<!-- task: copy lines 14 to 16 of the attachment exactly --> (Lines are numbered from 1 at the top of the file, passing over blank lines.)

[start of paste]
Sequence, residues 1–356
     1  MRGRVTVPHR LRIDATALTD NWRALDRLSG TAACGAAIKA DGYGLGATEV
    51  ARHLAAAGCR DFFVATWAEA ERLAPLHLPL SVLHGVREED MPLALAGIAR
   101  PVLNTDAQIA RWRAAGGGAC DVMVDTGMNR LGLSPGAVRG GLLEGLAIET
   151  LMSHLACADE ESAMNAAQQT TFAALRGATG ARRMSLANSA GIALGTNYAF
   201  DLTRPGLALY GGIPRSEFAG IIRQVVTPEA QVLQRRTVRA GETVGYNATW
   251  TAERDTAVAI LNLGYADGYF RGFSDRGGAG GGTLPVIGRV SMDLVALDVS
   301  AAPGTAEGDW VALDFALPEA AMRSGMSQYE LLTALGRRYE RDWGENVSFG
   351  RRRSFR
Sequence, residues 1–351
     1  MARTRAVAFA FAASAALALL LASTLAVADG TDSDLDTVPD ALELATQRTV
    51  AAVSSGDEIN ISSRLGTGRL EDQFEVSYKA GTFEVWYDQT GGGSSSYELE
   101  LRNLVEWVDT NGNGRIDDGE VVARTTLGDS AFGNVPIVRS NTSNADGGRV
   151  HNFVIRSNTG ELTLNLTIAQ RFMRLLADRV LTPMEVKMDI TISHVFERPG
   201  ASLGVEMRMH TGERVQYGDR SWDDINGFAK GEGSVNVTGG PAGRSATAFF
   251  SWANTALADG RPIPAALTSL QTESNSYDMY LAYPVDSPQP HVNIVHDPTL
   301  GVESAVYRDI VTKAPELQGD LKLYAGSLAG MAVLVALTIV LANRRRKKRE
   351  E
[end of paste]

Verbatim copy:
   151  HNFVIRSNTG ELTLNLTIAQ RFMRLLADRV LTPMEVKMDI TISHVFERPG
   201  ASLGVEMRMH TGERVQYGDR SWDDINGFAK GEGSVNVTGG PAGRSATAFF
   251  SWANTALADG RPIPAALTSL QTESNSYDMY LAYPVDSPQP HVNIVHDPTL